A recent report indicates that smokers who vape to quit are much less likely to fully relapse
Quitting smoking is often referenced as one of the hardest habits to break. Indeed, some heroin addicts even claim to have had an easier time quitting dope than everyday cigarettes. As such, making the decision to quit will almost certainly lead to some struggle and stress, regardless of what method you choose. The battle isn’t over once you stop for a bit either, in fact, things usually get worse. It’s clear the power cigarettes hold once you consider how many people relapse despite having known for decades that smoking is responsible for more preventable death and disease than anything else.
As such, a tool that could more effectively fight the chances of relapse has always been desired by the health community. Unfortunately, vaping proved to be that tool, and it’s been continually vilified by legislators and the media to create an environment where only around 13% of adults understand that vaping is much safer than smoking. However, a brand new report attempts to level the playing field by proving that vaping is precisely the relapse fighting tool the health community has so desperately longed for.
The Relapse Report
The study was published in Drug and Alcohol Review, and conducted by researchers at the Norwich Medical School at the University of East Anglia. Led by Dr. Caitlin Notley, the team wanted to develop a better understanding of how smokers using different smoking cessation tools felt about lapses. To answer their questions, the gathered a group of 40 vapers and another group of demographically similar recently quit smokers. They took detailed descriptions of each individuals experiences, thoughts, and feelings about quitting and lapses. This type of research, also known as qualitative, focuses on smaller groups of participants so researchers can get a much more in-depth understanding of each. When used in conjunction with traditional quantitative research, this type of information can develop a well-rounded understanding of a given topic.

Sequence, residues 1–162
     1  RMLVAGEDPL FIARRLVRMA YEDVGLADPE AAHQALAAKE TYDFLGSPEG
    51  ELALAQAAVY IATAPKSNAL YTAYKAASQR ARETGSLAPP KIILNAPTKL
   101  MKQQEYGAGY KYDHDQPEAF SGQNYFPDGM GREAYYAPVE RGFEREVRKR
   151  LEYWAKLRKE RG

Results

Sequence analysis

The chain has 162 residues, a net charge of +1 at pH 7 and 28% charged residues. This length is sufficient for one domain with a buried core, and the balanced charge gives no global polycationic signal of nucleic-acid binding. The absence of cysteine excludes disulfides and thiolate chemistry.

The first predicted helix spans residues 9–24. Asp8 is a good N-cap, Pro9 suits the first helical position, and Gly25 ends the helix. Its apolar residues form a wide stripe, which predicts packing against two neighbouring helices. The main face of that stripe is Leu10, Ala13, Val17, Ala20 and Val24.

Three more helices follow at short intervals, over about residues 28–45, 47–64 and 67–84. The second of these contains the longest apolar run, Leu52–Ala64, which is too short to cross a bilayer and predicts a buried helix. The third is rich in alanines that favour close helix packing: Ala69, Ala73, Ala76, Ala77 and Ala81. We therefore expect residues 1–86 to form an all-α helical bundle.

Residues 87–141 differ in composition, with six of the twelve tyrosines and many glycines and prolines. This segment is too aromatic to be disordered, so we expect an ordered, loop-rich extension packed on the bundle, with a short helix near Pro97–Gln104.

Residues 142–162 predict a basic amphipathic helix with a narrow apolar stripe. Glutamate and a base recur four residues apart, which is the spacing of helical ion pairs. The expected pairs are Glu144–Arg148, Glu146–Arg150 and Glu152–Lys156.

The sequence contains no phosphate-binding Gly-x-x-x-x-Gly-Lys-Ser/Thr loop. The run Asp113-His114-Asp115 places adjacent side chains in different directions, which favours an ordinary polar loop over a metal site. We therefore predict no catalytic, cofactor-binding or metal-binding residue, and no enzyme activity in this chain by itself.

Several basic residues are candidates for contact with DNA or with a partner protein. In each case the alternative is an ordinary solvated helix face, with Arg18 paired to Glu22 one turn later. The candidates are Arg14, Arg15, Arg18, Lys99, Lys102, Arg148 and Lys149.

The data collected by the team seemed to strongly indicate that smoking lapses were perceived quite differently between the two groups. The vapers were much more likely to not view their lapse as a failure, but rather a purposeful deviation. As such, instead of falling into the trap of failure, which typically leads to decreasing focus and drive, vapers would usually switch right back to vaping once the situation shifted. They felt that these results indicate vaping plays a social and psychological role as a substitution option, which prevents them from feeling like they failed when an occasional cigarette comes into play. More research must be conducted, but the early results have promising implications for the vaping industry.
What We Do Know
While we don’t know everything about vaping yet, there are plenty of benefits the data strongly indicates vaping has. We’ve known since back in 2015 that vaping is at least 95% safer than smoking, thanks to reports published by England’s federal health agency, PHE. Even more promising was research from last fall which concluded the excess lifetime cancer risk of a smoker is around 57,000 times lower than a smoker with a similar background. However, it’s not just the harm reduction value of vaping we have other pieces of evidence backing.
A study conducted by researchers at the University of Louisville set out to test the effectiveness of common smoking cessation methods. The team tested everything from cold turkey through prescription drugs. After collecting and analyzing their data, they concluded vaping was the hands-down most likely to lead to a successful quit attempt long term. These results pair perfectly with the latest report to make a strong case vaping is an invaluable smoking cessation tool and ought to be treated as such.
Qualitative research like that published by Dr. Notley is precisely what we need to bolster the fight for vaping rights. It’s one thing to prove vaping is successful at helping people quit smoking, and it’s another to be able to point to exactly why. Both sides of the story are essential if we want to help improve the public perception of vaping. Hopefully, research like this will help open the door for more discussion over the differences between vaping and smoking, as well as how we can help end the smoking epidemic once and for all. Spreading this sort of information to your friends and family is vitally important if we ever want to be able to use vaping to its full potential.
Are you surprised by the findings of this study? Do you think that vaping helped you avoid a full-blown relapse? What’s the best way to spread positive information about vaping? Let us know what you think in the comments, and don’t forget to check back here or join our Facebook and Twitter communities for more news and articles.
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